Los Angeles Times
6th Street Viaduct is shut down again
Celebrated bridge, which opened two weeks ago, has become a hot spot for street takeovers, cruisers
A victim of its own allure, the 6th Street Viaduct was shut by Los Angeles police for a second night in a row.
Two weeks after opening, the celebrated bridge was closed Saturday after daredevils climbed its arches and traffic backed up for miles.
The bridge has become a hot spot for street takeovers and cruisers. Police told KNBC that officers closed the bridge Saturday after discovering social media posts about a planned takeover.
“It’s easier to close it before it happens,” LAPD Capt. Elaine Morales told the news station. “Street racing kills. We have seen many victims, young and adults, and we don’t want that to happen here on the bridge.”
The closure followed a Friday evening crash that prompted the LAPD to shut down the more than halfmile-long span.
The bridge, which cost more than a half-billion dollars, connects the historic Eastside to the Arts District. When it opened, officials immediately praised it as the city’s next icon.
Days later, drag racers, skaters and cruisers were claiming it as their own space, causing long traffic jams, setting off fireworks and creating chaos. Images on social media showed cars doing burnouts, people scaling the arches at terrifying heights and even one person getting a haircut as cars cruised by.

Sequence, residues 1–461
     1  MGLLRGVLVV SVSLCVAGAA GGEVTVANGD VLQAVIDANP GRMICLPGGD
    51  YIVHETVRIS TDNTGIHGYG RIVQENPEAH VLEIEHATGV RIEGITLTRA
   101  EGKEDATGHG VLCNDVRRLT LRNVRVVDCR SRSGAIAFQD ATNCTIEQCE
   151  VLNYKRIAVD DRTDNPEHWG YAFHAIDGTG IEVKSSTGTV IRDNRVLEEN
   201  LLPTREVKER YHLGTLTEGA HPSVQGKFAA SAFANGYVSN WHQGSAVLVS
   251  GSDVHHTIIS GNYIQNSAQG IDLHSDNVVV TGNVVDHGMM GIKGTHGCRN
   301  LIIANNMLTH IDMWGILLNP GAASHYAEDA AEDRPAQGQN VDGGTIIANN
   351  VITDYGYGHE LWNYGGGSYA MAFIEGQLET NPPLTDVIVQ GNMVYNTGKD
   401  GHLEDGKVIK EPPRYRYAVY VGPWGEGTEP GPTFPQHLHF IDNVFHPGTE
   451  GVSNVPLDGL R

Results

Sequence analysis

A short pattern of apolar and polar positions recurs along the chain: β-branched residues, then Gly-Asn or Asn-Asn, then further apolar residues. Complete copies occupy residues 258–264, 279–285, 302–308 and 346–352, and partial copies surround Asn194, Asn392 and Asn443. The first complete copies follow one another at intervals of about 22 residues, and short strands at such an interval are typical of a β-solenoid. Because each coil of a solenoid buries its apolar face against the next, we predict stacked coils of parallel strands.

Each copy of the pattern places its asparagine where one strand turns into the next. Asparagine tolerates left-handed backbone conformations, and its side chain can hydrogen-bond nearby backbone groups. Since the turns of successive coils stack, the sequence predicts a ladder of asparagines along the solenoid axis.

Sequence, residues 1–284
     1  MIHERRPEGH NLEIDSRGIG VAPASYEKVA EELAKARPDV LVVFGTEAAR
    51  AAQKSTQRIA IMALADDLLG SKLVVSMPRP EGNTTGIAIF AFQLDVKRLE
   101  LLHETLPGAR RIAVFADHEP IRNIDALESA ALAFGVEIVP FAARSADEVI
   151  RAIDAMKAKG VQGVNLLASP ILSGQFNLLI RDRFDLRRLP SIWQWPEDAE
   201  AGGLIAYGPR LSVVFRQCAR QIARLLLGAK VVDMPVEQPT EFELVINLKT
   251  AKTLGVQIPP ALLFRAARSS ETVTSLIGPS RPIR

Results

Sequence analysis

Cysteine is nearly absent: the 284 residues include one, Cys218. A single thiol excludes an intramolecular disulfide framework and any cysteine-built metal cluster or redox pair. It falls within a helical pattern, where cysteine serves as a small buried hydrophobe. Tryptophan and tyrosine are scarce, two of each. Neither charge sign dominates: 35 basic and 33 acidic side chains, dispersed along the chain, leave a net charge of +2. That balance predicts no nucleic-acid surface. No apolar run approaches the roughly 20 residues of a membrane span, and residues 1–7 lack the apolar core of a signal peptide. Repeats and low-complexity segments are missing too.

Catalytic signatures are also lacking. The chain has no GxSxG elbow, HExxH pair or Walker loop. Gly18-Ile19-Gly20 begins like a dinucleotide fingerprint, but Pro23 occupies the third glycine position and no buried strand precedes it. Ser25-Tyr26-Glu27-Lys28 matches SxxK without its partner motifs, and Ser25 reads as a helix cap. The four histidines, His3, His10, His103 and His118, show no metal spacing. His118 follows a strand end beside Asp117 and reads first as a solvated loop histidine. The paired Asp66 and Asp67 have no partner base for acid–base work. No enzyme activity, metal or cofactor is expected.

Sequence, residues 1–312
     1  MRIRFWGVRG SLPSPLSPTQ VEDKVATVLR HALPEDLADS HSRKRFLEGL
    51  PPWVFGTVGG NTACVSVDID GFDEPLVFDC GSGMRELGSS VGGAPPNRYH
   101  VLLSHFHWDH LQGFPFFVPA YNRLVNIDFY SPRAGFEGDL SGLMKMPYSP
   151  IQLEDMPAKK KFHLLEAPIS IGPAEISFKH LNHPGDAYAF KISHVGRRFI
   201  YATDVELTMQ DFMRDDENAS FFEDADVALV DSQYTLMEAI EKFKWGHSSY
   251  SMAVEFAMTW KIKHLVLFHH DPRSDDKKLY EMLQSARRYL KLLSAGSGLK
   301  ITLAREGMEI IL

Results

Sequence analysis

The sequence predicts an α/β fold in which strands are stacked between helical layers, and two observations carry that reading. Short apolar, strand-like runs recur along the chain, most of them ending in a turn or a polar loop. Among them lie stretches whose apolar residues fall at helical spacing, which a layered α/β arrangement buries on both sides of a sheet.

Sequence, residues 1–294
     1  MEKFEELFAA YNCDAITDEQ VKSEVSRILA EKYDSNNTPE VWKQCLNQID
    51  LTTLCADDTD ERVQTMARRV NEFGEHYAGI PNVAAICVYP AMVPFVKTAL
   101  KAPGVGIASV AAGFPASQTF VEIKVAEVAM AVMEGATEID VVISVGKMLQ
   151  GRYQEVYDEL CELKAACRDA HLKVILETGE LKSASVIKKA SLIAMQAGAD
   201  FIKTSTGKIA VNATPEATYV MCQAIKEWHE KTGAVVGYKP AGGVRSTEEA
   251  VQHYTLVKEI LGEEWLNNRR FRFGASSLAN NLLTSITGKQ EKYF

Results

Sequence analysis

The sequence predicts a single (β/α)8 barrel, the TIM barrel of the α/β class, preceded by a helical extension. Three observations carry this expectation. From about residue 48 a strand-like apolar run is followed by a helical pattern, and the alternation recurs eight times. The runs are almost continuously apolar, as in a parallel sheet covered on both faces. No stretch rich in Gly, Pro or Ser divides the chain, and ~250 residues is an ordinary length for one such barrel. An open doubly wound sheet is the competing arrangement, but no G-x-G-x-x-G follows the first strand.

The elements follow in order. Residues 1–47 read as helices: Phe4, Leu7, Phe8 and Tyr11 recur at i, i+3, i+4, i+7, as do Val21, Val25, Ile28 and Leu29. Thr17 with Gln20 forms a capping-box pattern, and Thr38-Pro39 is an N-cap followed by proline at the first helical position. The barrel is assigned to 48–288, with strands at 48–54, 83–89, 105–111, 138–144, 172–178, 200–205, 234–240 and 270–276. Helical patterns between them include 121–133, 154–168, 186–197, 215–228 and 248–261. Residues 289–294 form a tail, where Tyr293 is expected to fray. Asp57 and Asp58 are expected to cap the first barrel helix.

“I am upset that you can’t enjoy something nice, especially on a hot day, hot night,” Tony Cervantes, a nearby resident, told KCAL on Saturday night. “You walk around down the street and you have this shut down.”
The LAPD has beefed up patrols along the bridge, where commuters often hang their phones out of the window to capture its breathtaking views of the city.
Skid marks already stain the bridge’s road. While some locals shrug it off, others worry that the media attention could taint the public image of Boyle Heights.
Eric Avila, an urban historian at UCLA, said there has to be a way to prevent dangerous activity while also allowing activities like lowriding. Lowrider cruising, he said, is part of the Eastside’s identity with a history inextricably tied to Whittier Boulevard, which the bridge funnels into.
“What’s wrong with ... slow cruising on the bridge to show off cars in a way that people do at Elysian Park on Sunday?” he said.
LAPD Central Division officials tweeted that there would be “maximum enforcement” over the weekend and that vehicles parked on the bridge would be cited or towed. Anyone present at a bridge takeover will be cited, they said.
Meanwhile, city and transit officials are looking at installing cameras, higher fencing and a traffic median on the bridge to minimize future problems.